There has been quite a bit of controversy lately over an article in the Wall Street Journal about whether or not DevOps was viable for enterprises. After spending a few days here in Orlando at the IBM Innovate conference, I can tell you that DevOps is very much alive and viable in even the largest enterprises.
Actually, no one doubted that certain enterprises were thriving using a DevOps IT philosophy. The so-called unicorns (not sure if my friend Gene Kim coined the phrase, but he certainly has popularized it) like Google, Facebook and Twitter have massive IT infrastructures that are being continuously updated have used DevOps as a competitive advantage. In fact, without DevOps some doubt these companies could function at the high level they do. But beyond the unicorns, what about the horses (again as Gene calls them)?
If it is horses you were looking for, you would think this was Kentucky Derby week here in Orlando. Not only were there literally hundreds and thousands of enterprise customers here attending the show, which was chock full of DevOps sessions, there were some who stood up proudly and talked about how they are using DevOps. Many organizations, such as Nationwide Insurance, Bank of America, Fidelity, KMD, Fiducuia IT, Royal Cyber and Rosalind, all participated in DevOps panels. When you get not only large enterprises like these but large financial institutions, you know that DevOps for the enterprise is real.
Many of these companies had similar stories. DevOps in the enterprise succeeds when you can start with a definite area or project. A successful outcome leads to champions who can then carry the DevOps gospel throughout the organization.
Obviously, enterprises are different than startups. They are not just going to flip a switch and move to DevOps across the entire organization. For an organization to adopt DevOps, it has to be done over time and in definite phases. Success breeds more success. Doing projects or areas at a time brings momentum and an aura of success. In this way, enterprises spread DevOps across the entire organization.
Another observation from Gene Kim, based on research he was involved in (more on that tomorrow), is that organizations where IT feels “free” versus a “big brother is watching” do much better with DevOps. It makes sense if you think about it. As I said, Gene had lots of data that points to the success of high-performing IT.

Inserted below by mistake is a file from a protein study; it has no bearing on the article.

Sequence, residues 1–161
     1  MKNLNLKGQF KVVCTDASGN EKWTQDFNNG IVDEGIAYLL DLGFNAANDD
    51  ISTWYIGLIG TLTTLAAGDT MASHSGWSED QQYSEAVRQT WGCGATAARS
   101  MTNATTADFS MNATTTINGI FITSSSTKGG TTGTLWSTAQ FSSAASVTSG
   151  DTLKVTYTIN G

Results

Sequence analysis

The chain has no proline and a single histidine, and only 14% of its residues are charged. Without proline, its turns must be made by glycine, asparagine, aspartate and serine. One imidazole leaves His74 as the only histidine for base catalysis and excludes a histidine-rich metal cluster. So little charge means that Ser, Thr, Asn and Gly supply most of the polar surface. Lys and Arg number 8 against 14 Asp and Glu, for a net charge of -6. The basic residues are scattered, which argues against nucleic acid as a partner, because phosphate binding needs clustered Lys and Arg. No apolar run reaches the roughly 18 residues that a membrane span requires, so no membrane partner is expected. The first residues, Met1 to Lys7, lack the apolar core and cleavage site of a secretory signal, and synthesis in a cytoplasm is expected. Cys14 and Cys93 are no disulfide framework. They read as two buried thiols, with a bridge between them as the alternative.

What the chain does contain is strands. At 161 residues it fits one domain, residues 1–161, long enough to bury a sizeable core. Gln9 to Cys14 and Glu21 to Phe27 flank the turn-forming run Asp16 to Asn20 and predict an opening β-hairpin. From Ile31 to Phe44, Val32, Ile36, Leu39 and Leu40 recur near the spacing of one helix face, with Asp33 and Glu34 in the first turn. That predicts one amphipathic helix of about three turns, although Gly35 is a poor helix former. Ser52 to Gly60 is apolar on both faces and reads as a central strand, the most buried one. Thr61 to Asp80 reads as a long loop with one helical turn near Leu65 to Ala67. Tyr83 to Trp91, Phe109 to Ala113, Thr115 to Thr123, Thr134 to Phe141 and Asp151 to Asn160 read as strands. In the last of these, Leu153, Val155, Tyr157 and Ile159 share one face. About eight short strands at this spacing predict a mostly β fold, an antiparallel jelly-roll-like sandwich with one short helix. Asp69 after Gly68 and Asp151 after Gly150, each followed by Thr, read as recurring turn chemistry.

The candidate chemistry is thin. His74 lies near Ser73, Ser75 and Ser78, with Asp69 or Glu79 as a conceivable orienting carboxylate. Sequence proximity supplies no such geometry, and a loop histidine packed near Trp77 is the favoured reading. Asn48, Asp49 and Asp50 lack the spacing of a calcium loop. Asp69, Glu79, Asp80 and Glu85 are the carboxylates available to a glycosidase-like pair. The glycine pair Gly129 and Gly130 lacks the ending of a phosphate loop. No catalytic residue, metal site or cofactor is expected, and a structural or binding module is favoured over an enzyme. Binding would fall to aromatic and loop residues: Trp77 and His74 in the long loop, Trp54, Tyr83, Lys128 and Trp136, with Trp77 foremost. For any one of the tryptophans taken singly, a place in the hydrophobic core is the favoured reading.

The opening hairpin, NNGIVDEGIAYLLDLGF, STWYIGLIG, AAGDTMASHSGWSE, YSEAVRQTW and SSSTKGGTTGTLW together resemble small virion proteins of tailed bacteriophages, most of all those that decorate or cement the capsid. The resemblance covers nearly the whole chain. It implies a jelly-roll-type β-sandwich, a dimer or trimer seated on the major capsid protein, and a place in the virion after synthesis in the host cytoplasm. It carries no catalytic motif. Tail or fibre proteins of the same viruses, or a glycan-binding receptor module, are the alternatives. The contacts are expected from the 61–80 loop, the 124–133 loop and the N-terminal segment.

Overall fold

Like any IBM conference, there was no shortage of IBMers at this show as well. From Europe, South America and Asia, I spoke with many of them. They are excited about bringing DevOps to more companies. Whether it be through the Blue Mix PaaS that is now out of beta or through traditional IBM services, IBM thinks that we have moved beyond Agile to DevOps, and there is a bright future ahead for Big Blue by leading the DevOps charge.
An interesting point at one of the panels I sat in on was that DevOps and outsourcing seem to be at loggerheads. So I asked how this affects IBM’s own people services. That started a discussion about how outsourcing doesn’t work with DevOps because DevOps works best when all of the constituent parties are in the same space. This could be a reason that DevOps sometimes doesn’t work at enterprises. They are so spread out geographically that it makes it hard.
So the real issue is not outsourcing versus in house. It is about communication. Whether in the next desk, down the hall or across town, in order for DevOps to succeed, the communication lines must be deep and open.
An IBM VP mentioned that this was a lesson the organization has learned over the years. They are cognizant of time zones. It is OK for workers (in-house and outsourced) to be in different offices or work from home and such. But if they are too far apart in terms of time zones, it is just not practical for communication lines to be open and deep enough for initiatives like DevOps to succeed.
Another thing I noticed at Innovate was that, whereas many IT folks in startups prefer free and open source tools, the enterprise has no problem paying good money for quality development and operations tools. While no one hates free and there is no open source bias, they also understand that in order to succeed there is a cost involved with all tools. They have no problem paying for tools and services. Startups generally are more cost-conscious trying to do things free at first and paying only if they have to. There is probably a lesson here for many of the companies with excellent free and open source tools that are trying to crack the nut on how to monetize.
These sort of practical tips that were learned the hard way are what makes DevOps in the enterprise succeed. I am sure IBM is not alone in succeeding in the enterprise with DevOps, but from the people here at Innovate, it seems that IBM, through its Rational, Jazz and Urban Code, has the ability to deliver DevOps solutions continuously.